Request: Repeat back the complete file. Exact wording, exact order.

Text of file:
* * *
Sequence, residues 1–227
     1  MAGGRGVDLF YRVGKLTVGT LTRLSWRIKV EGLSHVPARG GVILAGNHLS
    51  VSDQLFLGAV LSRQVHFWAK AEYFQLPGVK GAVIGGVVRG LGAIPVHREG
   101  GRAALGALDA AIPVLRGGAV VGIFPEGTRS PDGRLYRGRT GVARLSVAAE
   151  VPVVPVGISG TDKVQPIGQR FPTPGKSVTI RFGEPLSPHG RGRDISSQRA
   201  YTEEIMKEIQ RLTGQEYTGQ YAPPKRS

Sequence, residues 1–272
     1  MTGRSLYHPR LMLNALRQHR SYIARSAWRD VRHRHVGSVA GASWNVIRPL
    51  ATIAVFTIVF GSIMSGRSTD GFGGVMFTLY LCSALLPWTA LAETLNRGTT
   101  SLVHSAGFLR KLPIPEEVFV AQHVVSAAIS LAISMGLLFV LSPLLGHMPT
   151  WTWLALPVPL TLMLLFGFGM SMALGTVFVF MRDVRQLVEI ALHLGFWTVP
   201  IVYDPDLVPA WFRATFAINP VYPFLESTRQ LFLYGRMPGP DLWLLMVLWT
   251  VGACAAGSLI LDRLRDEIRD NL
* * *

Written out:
Sequence, residues 1–227
     1  MAGGRGVDLF YRVGKLTVGT LTRLSWRIKV EGLSHVPARG GVILAGNHLS
    51  VSDQLFLGAV LSRQVHFWAK AEYFQLPGVK GAVIGGVVRG LGAIPVHREG
   101  GRAALGALDA AIPVLRGGAV VGIFPEGTRS PDGRLYRGRT GVARLSVAAE
   151  VPVVPVGISG TDKVQPIGQR FPTPGKSVTI RFGEPLSPHG RGRDISSQRA
   201  YTEEIMKEIQ RLTGQEYTGQ YAPPKRS

Sequence, residues 1–272
     1  MTGRSLYHPR LMLNALRQHR SYIARSAWRD VRHRHVGSVA GASWNVIRPL
    51  ATIAVFTIVF GSIMSGRSTD GFGGVMFTLY LCSALLPWTA LAETLNRGTT
   101  SLVHSAGFLR KLPIPEEVFV AQHVVSAAIS LAISMGLLFV LSPLLGHMPT
   151  WTWLALPVPL TLMLLFGFGM SMALGTVFVF MRDVRQLVEI ALHLGFWTVP
   201  IVYDPDLVPA WFRATFAINP VYPFLESTRQ LFLYGRMPGP DLWLLMVLWT
   251  VGACAAGSLI LDRLRDEIRD NL